“People see who you are—even if you don’t!”
That’s one of the favorite sayings of John Raymer, a recent guest on my Mindfulness Manufacturing podcast. In this episode, John shared some great insights learned from his 28-year-career with Toyota Motor Manufacturing, especially about how manufacturing leaders can identify problems in their organizations by looking closely at themselves and their behavior. Drawing on his own experiences—and his own mistakes—he also talked about four key characteristics of great workplace leaders.
Key Characteristic #1: Humility
When leaders act like they’re better than others, the result is low productivity and low morale. As a leader, it’s easy to fall into the trap of thinking you’re super-human or that you can succeed without the opinions and insights of those below you. However, it can backfire. If your employees believe that you think lesser of them, then their productivity will reflect that. After all, if you show you don’t value them, why should they work harder to prove themselves to you? By practicing humility through valuing the expertise and experience of others, you can retain employees, boost morale, and set positive expectations for everyone on your team.
Key Characteristic #2: Integrity
Would you want to work with someone who talked behind your back, lied to you, or consistently failed to respect your views? Of course not . . . and your team members don’t either! This is why it’s always important to act with integrity. If you show that you’re disingenuous or disparaging to others, it makes it difficult for them to see you as someone they respect. This can cause them to avoid you, fail to seek your advice, or shy away from offering their insights, even when they have something valuable to say. To improve your integrity, think about your behaviors and the consequences of your actions. Consider the effect of even something seemingly innocent, like sharing gossip about a colleague. If you do make a mistake, introspection and a public apology can go a long way.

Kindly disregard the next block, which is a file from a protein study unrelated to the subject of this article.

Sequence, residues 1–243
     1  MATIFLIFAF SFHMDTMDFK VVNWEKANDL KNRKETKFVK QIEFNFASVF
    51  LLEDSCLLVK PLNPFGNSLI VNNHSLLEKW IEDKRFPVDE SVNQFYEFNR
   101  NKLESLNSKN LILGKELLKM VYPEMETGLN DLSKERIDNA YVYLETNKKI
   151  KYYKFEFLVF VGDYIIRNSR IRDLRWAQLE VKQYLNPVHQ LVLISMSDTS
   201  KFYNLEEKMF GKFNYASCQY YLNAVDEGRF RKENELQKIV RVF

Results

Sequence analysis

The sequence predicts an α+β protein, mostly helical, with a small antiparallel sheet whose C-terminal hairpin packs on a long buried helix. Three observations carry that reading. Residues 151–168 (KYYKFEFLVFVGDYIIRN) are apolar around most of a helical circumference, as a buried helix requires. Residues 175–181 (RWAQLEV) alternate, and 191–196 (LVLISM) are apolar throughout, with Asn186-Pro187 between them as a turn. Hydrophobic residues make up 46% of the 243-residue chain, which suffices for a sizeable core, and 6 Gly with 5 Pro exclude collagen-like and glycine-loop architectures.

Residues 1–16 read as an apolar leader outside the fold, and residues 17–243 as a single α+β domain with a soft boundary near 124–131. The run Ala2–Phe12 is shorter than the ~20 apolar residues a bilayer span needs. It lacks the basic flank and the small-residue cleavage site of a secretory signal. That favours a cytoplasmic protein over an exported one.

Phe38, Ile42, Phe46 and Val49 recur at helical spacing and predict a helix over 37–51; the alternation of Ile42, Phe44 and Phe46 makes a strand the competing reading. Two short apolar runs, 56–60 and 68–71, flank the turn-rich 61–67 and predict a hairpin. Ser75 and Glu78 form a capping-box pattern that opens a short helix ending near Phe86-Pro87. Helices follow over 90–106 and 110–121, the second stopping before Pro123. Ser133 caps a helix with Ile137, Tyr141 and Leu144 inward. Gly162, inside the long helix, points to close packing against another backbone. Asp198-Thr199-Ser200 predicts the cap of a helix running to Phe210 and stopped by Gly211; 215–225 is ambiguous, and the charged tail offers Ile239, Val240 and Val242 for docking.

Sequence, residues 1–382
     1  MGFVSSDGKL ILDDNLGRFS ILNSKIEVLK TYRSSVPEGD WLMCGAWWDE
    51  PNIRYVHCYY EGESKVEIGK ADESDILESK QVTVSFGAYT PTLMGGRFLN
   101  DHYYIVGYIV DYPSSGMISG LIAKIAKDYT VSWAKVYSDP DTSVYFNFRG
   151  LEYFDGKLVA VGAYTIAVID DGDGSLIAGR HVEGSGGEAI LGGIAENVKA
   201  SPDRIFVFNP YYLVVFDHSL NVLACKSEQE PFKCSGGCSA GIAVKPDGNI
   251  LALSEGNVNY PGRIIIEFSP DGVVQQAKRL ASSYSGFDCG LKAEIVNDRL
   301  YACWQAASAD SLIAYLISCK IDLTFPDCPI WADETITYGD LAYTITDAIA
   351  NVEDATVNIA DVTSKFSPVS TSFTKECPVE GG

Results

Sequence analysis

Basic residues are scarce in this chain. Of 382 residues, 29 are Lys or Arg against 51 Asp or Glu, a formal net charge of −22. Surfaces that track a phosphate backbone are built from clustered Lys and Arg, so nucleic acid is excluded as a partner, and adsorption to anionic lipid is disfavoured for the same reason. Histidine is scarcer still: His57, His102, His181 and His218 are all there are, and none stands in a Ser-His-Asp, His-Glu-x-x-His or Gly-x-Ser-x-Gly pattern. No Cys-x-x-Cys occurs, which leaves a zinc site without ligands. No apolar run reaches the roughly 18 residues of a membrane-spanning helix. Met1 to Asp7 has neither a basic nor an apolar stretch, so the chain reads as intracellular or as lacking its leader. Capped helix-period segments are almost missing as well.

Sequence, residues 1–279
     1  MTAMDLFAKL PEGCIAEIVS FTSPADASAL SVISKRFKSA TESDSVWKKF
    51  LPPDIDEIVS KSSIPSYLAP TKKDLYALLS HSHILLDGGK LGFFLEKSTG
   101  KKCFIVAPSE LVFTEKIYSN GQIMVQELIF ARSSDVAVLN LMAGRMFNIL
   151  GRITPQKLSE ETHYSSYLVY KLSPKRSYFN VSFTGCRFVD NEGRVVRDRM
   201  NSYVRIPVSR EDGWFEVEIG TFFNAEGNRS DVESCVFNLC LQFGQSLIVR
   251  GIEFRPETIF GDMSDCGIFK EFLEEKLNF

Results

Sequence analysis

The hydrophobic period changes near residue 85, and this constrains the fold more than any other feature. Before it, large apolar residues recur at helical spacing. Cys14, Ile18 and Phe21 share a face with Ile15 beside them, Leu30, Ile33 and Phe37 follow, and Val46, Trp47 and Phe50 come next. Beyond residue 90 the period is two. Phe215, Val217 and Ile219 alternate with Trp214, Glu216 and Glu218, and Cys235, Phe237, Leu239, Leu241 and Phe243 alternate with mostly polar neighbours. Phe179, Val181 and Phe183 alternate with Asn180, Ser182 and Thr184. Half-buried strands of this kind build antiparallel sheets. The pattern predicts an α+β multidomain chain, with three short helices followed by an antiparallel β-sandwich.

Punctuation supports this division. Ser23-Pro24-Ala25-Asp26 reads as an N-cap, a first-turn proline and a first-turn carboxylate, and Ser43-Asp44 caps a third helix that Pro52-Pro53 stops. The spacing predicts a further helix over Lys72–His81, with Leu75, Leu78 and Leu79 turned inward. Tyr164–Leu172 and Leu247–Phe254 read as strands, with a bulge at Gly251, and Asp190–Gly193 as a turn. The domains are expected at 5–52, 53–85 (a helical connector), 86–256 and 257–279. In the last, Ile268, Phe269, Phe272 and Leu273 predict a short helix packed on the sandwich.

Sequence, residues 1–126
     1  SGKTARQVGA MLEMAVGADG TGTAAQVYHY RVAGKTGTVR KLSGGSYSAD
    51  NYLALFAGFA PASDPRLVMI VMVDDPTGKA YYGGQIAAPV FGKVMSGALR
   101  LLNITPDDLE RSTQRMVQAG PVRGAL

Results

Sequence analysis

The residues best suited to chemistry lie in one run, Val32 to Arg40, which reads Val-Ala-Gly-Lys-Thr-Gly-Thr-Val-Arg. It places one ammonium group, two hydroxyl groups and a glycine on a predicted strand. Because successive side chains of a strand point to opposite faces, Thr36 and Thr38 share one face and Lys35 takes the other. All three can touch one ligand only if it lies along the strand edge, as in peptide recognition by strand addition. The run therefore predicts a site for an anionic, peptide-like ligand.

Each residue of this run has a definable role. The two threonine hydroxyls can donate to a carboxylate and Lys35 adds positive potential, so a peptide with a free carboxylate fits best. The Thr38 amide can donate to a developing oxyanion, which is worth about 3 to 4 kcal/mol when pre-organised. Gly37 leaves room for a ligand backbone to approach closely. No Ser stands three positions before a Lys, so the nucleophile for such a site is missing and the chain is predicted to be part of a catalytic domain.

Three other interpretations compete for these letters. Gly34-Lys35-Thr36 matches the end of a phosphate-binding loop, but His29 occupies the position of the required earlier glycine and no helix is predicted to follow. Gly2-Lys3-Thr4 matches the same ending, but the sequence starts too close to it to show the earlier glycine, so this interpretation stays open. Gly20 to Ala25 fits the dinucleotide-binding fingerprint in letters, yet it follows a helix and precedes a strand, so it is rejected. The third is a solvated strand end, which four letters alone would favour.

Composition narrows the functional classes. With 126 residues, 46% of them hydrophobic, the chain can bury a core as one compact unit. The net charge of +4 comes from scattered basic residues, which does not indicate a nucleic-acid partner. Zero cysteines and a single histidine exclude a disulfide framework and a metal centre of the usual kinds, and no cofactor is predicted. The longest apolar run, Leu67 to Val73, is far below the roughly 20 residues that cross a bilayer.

Key Characteristic #3: Empathy
When you work in an organization with others, it’s highly likely that you don’t know the everyday struggles of everyone, including people on your own team. Outside of the workplace, they may be dealing with various hardships. They might be struggling with the death of a loved one, facing a medical issue, or going through a time of financial difficulty. To be an effective and compassionate leader, invest in your relationships. Take time to learn about others and the issues they’re facing. This is especially critical if those issues impact their productivity or morale at work. By showing your empathy and acknowledging that your employees have their own lives, you can become a more effective leader and create a healthier workplace for all.
Key Characteristic #4: Challenge
The last key characteristic John Raymer discussed in his podcast was “challenge.” When a leader comes across as tired, defeated, or simply unmotivating, it has a trickle-down effect for the rest of the organization. For example, if a leader shows that they’re not unenthusiastic about a recent success, it makes their team members feel like their hard work wasn’t worth the time or effort. On the other hand, a leader who shows up, challenges their team to achieve greater success, and acknowledge everyone’s role inspires others to step up, too. To be a great leader who motivates and challenges your team, you have to first start with yourself and your own behavior.
Learn More on the Podcast
In the recent podcast, John delves even deeper into these four characteristics and shares some honest, thought-provoking stories from his own background. To listen to the Mindfulness Manufacturing podcast and learn more, check it out here.
Contact Trevor today to get a spot in his next program!